News

International Women's day
8 March 2009

Women possess the potential to create an extra 150,000 new companies every year and hold the key to recovery



By Helen Loveless


Today is International Women’s Day, when the economic, political and social achievements of women are celebrated.

Yet
many still face barriers preventing them from setting up in business,
even though entrepreneurs are widely seen as the driving force behind
any economic recovery. Experts are keen to encourage women to take a
more active entrepreneurial role to help the UK out of recession.


Female
entrepreneurs contribute an estimated £130billion a year to the UK
economy, yet figures show that if as many women as men launched
businesses there would be an extra 150,000 start-up firms every year.


Glenda
Stone is co-chairwoman of the Women’s Enterprise Task Force, which was
set up by Gordon Brown to increase the number of successful, female-run
businesses. She believes lack of confidence is a key factor deterring
many women.


’The majority of women-owned firms are
micro-businesses and this is partly because many women don’t have the
confidence or knowledge about where to go for finance, or how to take
their business to the next level,’ she says. ’Women’s enterprise is
vital in helping the economy to move forward.’


The natural
caution of many businesswomen may also be holding them back, says
Stone. ’Women often achieve more than men with less money because they
are less inclined to borrow,’ she says. ’However, this can lead to them
not being properly resourced, which can hold them back.’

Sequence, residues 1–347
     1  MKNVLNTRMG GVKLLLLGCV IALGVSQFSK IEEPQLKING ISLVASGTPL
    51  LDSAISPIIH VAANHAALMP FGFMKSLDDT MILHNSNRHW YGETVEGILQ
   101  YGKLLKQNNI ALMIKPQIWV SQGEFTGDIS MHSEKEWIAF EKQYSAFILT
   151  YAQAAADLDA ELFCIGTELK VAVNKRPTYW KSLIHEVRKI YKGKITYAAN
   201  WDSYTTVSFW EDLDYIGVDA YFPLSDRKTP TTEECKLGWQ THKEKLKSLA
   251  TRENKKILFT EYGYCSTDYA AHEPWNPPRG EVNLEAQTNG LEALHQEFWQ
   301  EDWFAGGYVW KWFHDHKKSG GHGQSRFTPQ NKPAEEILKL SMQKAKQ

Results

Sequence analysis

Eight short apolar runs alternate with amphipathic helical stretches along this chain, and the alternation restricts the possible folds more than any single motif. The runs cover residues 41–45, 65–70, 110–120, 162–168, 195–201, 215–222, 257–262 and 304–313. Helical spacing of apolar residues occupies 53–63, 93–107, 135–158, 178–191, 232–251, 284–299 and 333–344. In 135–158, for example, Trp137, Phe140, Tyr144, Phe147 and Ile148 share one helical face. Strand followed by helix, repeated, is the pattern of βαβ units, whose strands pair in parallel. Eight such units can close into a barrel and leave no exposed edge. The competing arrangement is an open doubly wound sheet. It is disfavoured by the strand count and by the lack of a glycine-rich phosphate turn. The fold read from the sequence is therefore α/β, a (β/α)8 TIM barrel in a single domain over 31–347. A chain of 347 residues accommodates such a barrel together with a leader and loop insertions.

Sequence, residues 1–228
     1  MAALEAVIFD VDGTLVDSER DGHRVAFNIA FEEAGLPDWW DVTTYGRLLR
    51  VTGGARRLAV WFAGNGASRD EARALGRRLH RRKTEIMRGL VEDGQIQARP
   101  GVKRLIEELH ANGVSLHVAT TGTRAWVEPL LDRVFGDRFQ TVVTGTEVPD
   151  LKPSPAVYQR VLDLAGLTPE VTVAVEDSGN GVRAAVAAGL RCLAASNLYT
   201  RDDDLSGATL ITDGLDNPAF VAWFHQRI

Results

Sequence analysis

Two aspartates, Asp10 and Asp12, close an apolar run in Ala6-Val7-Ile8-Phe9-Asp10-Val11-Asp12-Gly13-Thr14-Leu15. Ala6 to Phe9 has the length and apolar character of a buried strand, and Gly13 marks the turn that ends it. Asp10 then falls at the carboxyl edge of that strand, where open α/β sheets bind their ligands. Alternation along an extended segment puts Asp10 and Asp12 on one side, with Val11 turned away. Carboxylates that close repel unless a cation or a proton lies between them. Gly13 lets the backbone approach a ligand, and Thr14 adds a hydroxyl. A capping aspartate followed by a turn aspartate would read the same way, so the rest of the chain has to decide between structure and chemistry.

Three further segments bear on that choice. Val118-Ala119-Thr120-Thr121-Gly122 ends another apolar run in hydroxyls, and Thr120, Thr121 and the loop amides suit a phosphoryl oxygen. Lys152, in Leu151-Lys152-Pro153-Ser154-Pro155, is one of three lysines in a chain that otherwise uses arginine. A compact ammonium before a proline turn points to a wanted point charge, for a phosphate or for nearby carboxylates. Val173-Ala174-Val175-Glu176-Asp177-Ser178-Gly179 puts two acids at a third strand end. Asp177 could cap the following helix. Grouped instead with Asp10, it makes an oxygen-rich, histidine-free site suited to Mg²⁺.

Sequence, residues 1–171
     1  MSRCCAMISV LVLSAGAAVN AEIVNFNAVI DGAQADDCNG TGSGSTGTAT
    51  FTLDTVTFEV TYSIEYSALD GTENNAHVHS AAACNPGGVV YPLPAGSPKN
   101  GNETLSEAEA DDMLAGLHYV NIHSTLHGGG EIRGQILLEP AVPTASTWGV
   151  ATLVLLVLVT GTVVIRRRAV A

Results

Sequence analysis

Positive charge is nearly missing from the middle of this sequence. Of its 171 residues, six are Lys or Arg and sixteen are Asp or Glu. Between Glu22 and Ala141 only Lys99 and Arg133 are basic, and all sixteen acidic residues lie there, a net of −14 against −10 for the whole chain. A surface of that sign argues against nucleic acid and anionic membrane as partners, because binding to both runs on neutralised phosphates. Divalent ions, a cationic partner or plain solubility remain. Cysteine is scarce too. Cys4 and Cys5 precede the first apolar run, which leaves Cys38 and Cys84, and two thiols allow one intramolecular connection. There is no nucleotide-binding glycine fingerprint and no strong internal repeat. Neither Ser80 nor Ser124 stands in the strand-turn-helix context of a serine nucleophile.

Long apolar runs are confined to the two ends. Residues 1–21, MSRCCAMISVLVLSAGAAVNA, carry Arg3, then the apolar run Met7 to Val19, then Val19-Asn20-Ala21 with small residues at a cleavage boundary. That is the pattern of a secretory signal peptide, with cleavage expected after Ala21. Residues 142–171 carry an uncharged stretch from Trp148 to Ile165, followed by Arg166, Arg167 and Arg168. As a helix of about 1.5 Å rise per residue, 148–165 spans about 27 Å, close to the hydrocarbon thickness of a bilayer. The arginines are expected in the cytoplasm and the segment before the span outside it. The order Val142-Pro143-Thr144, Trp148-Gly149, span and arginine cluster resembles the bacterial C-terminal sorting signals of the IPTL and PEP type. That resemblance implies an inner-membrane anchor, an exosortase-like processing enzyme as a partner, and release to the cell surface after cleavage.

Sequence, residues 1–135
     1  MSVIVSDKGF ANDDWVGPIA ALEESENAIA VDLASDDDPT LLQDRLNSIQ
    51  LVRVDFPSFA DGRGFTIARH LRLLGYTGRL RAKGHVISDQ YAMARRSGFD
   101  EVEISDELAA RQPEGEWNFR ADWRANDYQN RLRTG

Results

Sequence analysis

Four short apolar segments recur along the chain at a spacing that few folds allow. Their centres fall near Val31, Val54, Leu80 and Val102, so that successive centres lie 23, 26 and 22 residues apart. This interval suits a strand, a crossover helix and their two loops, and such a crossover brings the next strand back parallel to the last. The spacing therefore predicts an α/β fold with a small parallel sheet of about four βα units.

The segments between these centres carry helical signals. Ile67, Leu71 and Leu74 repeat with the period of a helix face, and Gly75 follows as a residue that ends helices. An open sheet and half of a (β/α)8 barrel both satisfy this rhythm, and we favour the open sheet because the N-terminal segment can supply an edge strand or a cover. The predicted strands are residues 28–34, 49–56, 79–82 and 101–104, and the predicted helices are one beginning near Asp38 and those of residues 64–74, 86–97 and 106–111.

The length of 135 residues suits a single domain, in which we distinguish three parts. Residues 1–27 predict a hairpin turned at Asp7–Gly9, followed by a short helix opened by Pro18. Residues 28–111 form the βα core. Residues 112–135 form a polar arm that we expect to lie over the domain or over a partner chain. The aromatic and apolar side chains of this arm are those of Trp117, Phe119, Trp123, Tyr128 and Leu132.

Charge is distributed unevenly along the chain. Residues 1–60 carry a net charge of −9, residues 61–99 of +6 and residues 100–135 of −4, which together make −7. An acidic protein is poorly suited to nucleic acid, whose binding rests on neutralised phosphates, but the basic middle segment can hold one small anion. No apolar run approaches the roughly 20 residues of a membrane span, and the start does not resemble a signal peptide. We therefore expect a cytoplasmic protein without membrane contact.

But one
area where women shine is social enterprise. According to the Social
Enterprise Coalition, while men are twice as likely as women to set up
a ’ conventional’ business, women are more likely to launch a social
enterprise.


Uganda-born Ida Horner started Ethnic Supplies, a
social enterprise specialising in handicrafts, textiles and arts and
crafts from east Africa, in 2007.


Ida, 43, from
Walton-on-Thames, Surrey, had been a housing manager for a London
borough, but after visiting Uganda and witnessing the extreme poverty
there, she decided to set up her business. Ida imports Fairtrade
textiles from Madagascar and baskets and jewellery from east African
states including Uganda and Kenya.


’A key motivation for starting my business was to support women in east Africa and enable them to work,’ she says.

So
far Ida has financed the business through the equity in her home and
from savings. She has also received help from advice service Business
Link. Family and friends help out, too.


’Women are good at networking and mentoring, and having access to this has helped me to see where I can develop,’ she says.

To
contact Business Link, go to businesslink.gov.uk. Women can also
approach Addidi Business Angels, which invests in SMEs run by women
(addidi.com).


Source:This is money

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